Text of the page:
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Citizen Science and Scientific Crowdsourcing: an Introduction

  • 30 hours
  • No start date. Work at your own pace

Overview

This online course will introduce you to the theory and practice of citizen science and scientific crowdsourcing.

Citizen science is the participation of members of the public in scientific projects, including the engaging a large group of people in the creation of new scientific knowledge (crowdsourcing). 

You'll explore the history, theoretical foundations, and practical aspects of designing and running citizen science projects.

By the end of the course, you'll have a good understanding of citizen science and be familiar with the academic literature in this area.

The course is run by the Extreme Citizen Science (ExCiteS) research group, part of the Department of Geography at UCL. The course is part of the department's MSc programmes but, in the spirit of citizen science, it's being offered here as a free online course.

Course content

The first two weeks are dedicated to the basics of citizen science and scientific crowdsourcing.

In the following weeks, you'll learn about:

  • the technical aspects of citizen science projects 
  • how to make projects participant-centred
  • volunteer management
  • user-centred design and human-computer interaction
  • data issues in citizen science - managing data and ensuring quality
  • environmental citizen science
  • ethics and legal issues
  • evaluation and policy

The course ends with a look at social theory approaches to thinking about citizen science and its place in the world.

There will be plenty of hands-on experiences to help you analyse and understand citizen science.

Structure, teaching and assessment

Each week, there will be two lectures and a practical session. These will last about two or three hours in total.

You'll also need to spend time preparing for each class by watching a video or two and reading two or three pieces of text.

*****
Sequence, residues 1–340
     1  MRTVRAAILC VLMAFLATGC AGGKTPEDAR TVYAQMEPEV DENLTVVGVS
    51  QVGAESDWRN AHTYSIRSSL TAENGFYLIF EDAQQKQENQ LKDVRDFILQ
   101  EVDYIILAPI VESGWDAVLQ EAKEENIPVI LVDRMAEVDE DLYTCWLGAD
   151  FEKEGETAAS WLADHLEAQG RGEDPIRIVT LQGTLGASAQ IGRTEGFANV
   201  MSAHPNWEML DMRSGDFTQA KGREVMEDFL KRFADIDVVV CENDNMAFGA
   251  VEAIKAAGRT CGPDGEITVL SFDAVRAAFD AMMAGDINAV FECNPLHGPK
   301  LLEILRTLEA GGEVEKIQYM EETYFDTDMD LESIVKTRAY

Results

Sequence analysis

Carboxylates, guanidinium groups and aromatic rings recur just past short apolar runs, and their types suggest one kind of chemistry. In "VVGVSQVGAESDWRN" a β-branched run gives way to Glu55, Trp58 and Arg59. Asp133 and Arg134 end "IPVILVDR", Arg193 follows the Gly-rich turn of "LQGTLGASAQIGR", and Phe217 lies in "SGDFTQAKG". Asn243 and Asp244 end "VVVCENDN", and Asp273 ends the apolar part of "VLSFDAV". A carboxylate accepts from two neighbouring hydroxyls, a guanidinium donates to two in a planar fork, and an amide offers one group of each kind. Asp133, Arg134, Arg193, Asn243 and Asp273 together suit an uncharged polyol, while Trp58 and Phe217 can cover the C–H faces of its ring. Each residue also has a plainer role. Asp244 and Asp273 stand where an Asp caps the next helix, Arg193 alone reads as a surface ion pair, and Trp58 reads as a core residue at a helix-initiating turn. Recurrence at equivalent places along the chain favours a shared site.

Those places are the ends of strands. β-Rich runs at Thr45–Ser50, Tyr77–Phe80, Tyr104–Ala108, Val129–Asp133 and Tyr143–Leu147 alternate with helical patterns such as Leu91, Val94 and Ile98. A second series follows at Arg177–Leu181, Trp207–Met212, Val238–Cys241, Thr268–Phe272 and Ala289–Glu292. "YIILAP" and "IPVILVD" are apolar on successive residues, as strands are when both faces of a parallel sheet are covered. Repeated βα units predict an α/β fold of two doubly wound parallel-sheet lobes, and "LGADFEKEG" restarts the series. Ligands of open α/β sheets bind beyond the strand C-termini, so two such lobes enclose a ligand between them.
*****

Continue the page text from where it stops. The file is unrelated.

Further (optional) readings will also be provided to help expand your understanding.

All the lectures and materials you'll need to complete the course will be available online. You'll also be able to take part in discussions with other students online.

There's no formal assessment but there will be reflection questions and quizzes for you to complete.

Who the course is for

The course is aimed at:

  • those involved in citizen science and public engagement with science
  • scientists who are considering developing a citizen science project

There are no pre-requisites for this course. You don't need any prior knowledge of what citizen science is, or what happens in crowdsourcing.

Learning outcomes

By the end of the course you should:

  • be able to demonstrate knowledge of the field of citizen science and scientific crowdsourcing, including the activities that are include in it and its history
  • have familiarity and knowledge of relevant social science theories that explain the role of citizen science within scientific knowledge production
  • be able to use the technologies used in citizen science and scientific crowdsourcing, and understand how they shape and impact the projects and the applications of their outputs
  • understand the practice of citizen science through participation in several activities, and be be able to critique and evaluate such practices
  • have knowledge of the appropriate evaluation techniques for citizen science and scientific crowdsourcing, including the experience and learning of participants

Preparation

To prepare for the course, it's recommended that you get a copy of Citizen Science - How Ordinary People are Changing the Face of Discovery by Caren Cooper. This book provides an accessible introduction to the area of citizen science, along with further details and background to topics covered by the course.

Course team

Course team

The course is taught by researchers in the Extreme Citizen Science (ExCiteS) research group, who are exploring different facets of citizen science and crowdsourcing practice. They will be joined by several guest lecturers from external organisations.

The ExCiteS group is part of the Department of Geography at UCL and includes:

  • Professor Muki Haklay
  • Alex Papadopoulos
  • Dr Artemis Skarlatidou
  • Dr Cindy Regalado
  • Alice Sheppard
  • Dr Christian Nold
  • Dr Julia Altenbuchner
  • Dr Michalis Vitos

Further details about their experience can be found on the ExCiteS website.


Course information last modified: 05 Apr 2018, 12:00

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